How to Work With Business Owners on Exit Planning

Submitted by Elizabeth J Mower on Tue, 07/31/2018 - 6:00am
A man and woman shaking hands while sitting at a desk.

Technology has developed at exponential speeds, allowing consumers to become more empowered than ever before. As a result, most consumers have begun to expect the businesses they work with to collaborate with them rather than sell to them. The days of Glengarry Glen Ross-style sales tactics—of supreme pushiness and pressure until the sale’s been closed—have started to fall away. Business advising is no different. The human element of advising is becoming more important than the products advisors sell.

In this series, we’ll look at three ways that Exit Planning speaks to the human element of how Exit Planning Advisors work with their business-owning clients. These three aspects can be the difference between an advisory practice that treads water and an advisory practice that thrives.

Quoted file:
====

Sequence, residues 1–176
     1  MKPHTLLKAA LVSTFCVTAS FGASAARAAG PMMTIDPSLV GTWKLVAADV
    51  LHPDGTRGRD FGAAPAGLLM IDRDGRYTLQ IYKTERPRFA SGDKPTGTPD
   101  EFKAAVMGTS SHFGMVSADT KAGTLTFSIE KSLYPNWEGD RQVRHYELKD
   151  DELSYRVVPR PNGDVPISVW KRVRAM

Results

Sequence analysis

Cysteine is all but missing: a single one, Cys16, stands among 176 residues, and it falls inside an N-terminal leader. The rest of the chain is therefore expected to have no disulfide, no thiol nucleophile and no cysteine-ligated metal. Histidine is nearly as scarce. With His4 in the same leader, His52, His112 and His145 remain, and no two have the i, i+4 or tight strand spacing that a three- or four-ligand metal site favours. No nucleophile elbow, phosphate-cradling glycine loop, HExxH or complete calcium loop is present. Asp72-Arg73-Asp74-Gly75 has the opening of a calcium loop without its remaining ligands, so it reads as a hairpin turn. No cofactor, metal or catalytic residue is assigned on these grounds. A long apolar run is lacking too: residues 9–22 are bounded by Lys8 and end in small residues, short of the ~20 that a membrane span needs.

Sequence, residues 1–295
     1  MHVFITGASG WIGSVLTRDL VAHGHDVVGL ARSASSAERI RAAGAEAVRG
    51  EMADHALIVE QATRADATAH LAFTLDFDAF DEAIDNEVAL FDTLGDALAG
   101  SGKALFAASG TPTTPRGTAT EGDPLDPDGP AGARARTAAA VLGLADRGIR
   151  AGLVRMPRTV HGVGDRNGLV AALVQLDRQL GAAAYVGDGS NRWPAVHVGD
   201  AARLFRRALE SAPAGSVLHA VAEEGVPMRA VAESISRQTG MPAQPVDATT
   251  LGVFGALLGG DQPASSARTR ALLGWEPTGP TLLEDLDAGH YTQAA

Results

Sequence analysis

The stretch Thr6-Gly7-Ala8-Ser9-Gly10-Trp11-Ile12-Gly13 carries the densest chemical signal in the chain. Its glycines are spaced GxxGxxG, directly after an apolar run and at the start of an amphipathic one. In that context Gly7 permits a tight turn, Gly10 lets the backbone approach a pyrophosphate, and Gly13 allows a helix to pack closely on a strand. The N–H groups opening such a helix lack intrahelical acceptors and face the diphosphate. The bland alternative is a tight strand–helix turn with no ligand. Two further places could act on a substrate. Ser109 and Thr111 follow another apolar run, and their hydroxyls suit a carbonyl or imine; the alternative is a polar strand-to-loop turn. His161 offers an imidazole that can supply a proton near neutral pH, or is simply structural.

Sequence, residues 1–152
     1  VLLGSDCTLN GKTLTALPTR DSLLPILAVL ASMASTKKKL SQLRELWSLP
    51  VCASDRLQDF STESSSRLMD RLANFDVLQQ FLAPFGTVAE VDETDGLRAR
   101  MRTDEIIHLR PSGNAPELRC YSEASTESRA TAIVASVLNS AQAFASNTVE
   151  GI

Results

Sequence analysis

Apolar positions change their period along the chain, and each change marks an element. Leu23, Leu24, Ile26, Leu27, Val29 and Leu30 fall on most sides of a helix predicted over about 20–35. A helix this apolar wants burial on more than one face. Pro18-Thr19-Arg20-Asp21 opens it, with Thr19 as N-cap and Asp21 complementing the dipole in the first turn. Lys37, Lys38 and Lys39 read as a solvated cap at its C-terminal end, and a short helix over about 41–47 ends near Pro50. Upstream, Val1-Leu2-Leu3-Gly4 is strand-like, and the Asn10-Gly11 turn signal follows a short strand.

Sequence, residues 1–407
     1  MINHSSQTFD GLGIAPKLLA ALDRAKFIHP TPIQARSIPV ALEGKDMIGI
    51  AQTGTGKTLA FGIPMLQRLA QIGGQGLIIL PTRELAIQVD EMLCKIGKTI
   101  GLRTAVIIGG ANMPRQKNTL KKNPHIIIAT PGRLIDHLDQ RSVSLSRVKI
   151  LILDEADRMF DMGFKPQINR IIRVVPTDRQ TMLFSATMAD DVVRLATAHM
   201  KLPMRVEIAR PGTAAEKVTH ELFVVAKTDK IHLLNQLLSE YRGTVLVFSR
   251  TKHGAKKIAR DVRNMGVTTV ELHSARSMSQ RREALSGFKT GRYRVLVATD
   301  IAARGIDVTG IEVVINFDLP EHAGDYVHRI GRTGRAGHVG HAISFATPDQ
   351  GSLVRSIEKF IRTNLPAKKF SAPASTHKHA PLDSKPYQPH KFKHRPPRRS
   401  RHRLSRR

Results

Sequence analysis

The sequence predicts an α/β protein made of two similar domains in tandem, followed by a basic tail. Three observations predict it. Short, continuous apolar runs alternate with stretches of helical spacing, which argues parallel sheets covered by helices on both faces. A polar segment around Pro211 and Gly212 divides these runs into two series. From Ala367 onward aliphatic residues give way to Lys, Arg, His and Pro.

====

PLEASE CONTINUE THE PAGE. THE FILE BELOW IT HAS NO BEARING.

1. Owner-Centricity: Working With Owners, Not For Them
  2. Collaboration: Giving Business Owners Control
  3. Empathy: Collaboration Through Understanding

Let’s look at an example of the difference between working for business owners and working with business owners, and how it ties into the expectations business owners have about working with Exit Planning Advisors.

You Are Not a Puppet

Joe Duensing was excited. He was an incentive-planning expert and had recently spoken with Eduardo, the owner of a distribution company. Eduardo came into the meeting with ideas to implement, the most important of which was a stock bonus plan for two of his key employees, Javier and Willson.

“If I were in their position, I’d want more money for more responsibility. A couple of my other advisors suggested I set them up with a stock bonus plan. So, can you help me do this?” Eduardo asked him.

“Yes, I can,” Joe responded. “I find that stock bonus plans are a good way to keep employees with the company.”

Over the next few months, Joe worked with Eduardo to set up a stock bonus plan that Eduardo thought would help retain his key employees. But one day, Eduardo came storming into Joe’s office in a panic.

“Joe, I presented the plan to Javier and Willson. But Javier said he’s going to accept an offer somewhere else.”

“You’re kidding,” Joe said.